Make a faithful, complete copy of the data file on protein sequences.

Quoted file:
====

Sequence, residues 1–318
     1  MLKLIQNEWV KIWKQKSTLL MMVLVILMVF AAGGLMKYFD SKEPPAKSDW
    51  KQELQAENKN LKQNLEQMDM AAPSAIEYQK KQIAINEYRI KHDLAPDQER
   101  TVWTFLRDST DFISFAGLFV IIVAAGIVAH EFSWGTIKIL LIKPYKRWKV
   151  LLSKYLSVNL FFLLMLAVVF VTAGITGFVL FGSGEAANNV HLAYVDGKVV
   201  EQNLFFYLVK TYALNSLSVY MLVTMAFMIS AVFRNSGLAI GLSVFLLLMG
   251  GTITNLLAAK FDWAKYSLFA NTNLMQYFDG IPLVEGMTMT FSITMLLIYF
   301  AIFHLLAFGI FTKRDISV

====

Sequence, residues 1–318
     1  MLKLIQNEWV KIWKQKSTLL MMVLVILMVF AAGGLMKYFD SKEPPAKSDW
    51  KQELQAENKN LKQNLEQMDM AAPSAIEYQK KQIAINEYRI KHDLAPDQER
   101  TVWTFLRDST DFISFAGLFV IIVAAGIVAH EFSWGTIKIL LIKPYKRWKV
   151  LLSKYLSVNL FFLLMLAVVF VTAGITGFVL FGSGEAANNV HLAYVDGKVV
   201  EQNLFFYLVK TYALNSLSVY MLVTMAFMIS AVFRNSGLAI GLSVFLLLMG
   251  GTITNLLAAK FDWAKYSLFA NTNLMQYFDG IPLVEGMTMT FSITMLLIYF
   301  AIFHLLAFGI FTKRDISV